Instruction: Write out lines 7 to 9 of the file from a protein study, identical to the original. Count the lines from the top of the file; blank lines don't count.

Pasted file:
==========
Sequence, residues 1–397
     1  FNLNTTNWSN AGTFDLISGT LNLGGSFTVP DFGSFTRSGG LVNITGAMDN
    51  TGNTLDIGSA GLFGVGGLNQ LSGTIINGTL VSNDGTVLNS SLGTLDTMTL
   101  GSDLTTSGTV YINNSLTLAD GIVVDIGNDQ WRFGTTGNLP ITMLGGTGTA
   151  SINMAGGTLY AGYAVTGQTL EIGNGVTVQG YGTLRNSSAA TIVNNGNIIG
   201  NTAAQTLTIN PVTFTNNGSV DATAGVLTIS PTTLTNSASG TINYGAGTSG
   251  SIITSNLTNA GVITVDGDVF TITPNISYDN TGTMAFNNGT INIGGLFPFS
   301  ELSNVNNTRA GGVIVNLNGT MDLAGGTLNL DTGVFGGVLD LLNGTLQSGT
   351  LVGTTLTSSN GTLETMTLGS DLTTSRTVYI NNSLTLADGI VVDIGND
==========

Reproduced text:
   251  SIITSNLTNA GVITVDGDVF TITPNISYDN TGTMAFNNGT INIGGLFPFS
   301  ELSNVNNTRA GGVIVNLNGT MDLAGGTLNL DTGVFGGVLD LLNGTLQSGT
   351  LVGTTLTSSN GTLETMTLGS DLTTSRTVYI NNSLTLADGI VVDIGND